Anywhere you look it is easy to find all kinds of dietary restrictions. They are so persistent, these days, that most restaurants carry options for people who request vegan, dairy-free, nut-free, vegetarian, and gluten-free requests, whether because of allergy or preference. Of course, these are only a few of the dozen or so dietary requests that diners can make while eating out.
The gluten-free diet is particularly interesting because even though it is popular, there does not exist much evidence to support that it is better for your health. If you happen to be among the one percent (or so) of the population with Celiac disease, though, gluten can cause intolerable issues in your digestive system. But that still does not explain why some people have such issues with it.
To try to understand this, we must first realize that gluten is the name given to the protein content in bread grains like wheat, rye, and barley. We do know that mutations in a very important immunity-related gene—HLA-DQ—appears to be necessary for the development of Celiac disease since one of two variants of this gene are present in nearly every person who suffers from Celiac disease. However, these variants are also present in nearly one-third of the general human population (and not everyone seems to be affected by gluten the same way).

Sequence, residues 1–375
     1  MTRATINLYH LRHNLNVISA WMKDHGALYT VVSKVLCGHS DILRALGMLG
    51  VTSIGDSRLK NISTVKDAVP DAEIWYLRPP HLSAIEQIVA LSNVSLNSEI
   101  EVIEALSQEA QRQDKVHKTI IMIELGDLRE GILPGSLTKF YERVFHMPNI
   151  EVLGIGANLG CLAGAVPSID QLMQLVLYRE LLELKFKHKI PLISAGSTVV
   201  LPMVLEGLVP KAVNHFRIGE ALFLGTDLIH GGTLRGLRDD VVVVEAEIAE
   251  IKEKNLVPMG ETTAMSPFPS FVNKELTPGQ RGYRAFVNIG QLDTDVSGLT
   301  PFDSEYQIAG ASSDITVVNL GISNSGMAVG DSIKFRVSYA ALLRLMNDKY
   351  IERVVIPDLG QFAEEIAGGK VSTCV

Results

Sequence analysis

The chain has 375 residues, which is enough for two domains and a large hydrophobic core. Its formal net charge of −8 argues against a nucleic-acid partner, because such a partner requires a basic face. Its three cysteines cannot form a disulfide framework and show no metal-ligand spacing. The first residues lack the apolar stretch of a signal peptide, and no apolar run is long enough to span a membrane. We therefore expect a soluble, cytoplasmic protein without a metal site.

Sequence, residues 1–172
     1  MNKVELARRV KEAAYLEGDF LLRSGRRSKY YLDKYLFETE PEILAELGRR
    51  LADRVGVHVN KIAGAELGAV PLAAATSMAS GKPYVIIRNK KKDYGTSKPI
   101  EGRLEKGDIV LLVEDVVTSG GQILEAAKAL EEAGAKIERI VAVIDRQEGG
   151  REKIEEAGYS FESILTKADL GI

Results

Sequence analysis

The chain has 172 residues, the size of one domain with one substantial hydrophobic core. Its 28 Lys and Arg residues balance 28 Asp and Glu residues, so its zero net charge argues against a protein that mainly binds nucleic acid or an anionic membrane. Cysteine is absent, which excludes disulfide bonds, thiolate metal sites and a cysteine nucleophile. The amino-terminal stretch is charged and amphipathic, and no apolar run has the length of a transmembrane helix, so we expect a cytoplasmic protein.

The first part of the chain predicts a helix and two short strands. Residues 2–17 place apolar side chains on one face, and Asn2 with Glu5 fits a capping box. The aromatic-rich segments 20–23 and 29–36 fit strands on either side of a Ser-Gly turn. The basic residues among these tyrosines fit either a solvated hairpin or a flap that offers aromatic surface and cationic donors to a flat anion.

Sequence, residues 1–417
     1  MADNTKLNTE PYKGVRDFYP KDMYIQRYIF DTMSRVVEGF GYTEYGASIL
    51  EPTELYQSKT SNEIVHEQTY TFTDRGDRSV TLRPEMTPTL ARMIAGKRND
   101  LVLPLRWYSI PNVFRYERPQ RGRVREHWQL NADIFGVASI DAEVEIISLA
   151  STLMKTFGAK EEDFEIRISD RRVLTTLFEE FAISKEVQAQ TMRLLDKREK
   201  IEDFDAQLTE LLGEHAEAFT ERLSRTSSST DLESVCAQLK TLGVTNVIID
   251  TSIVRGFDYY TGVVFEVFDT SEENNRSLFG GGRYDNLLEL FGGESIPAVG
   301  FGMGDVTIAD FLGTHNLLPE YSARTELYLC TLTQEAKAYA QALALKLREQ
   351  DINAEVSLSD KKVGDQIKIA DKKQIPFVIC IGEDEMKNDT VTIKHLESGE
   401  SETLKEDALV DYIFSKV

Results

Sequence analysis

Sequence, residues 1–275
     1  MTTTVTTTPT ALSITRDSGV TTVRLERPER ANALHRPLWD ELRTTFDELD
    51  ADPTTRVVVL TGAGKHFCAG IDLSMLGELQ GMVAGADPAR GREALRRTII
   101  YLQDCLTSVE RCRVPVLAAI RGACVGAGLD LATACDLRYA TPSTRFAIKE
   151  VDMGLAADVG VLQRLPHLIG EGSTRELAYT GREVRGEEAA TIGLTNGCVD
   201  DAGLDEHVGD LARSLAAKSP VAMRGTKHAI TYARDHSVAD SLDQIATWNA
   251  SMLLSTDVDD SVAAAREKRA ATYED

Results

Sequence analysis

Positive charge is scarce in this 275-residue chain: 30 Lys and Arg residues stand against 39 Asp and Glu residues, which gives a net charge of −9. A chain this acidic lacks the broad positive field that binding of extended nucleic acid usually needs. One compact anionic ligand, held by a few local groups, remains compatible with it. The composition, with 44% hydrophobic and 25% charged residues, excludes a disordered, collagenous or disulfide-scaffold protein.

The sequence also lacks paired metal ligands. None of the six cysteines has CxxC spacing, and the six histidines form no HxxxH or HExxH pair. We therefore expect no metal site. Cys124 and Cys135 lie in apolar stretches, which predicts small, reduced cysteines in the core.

Because of this interesting contradiction of facts, scientists suspect perhaps certain environmental factors interacting with genetic risk are what result in Celiac disease. Such variables could include things like infection, food allergy, toxins, vaccinations, and drugs or surgeries.
Food additives have come under scrutiny much more lately, of course, since they are a relatively new development at a time when metabolic conditions are on the rise. Of these, it appears microbial transglutaminase has emerged as the most likely culprit; this is a bacterial enzyme used widely in the industrial processing of meat, dairy and baked goods, among other products.
Visiting professor from the Aesku.Kipp Institute, in Germany, Aaron Lerner, co-authored a recent study investigating the relationship between food additives and Celiac disease. He comments, that microbial transglutaminase can bind proteins together, and that is why it is commonly used to improve traits like food texture palatability, and even shelf-life. He goes on to say, “This enzyme functions like the transglutaminase produced by our body, which is known to be the target of autoimmunity in celiac disease.”
Truly, the increased use of industrial enzymes like these in bakery products appears to coincide with the rise in celiac disease over the last forty years.
A review of this study has been published in Frontiers in Pediatrics.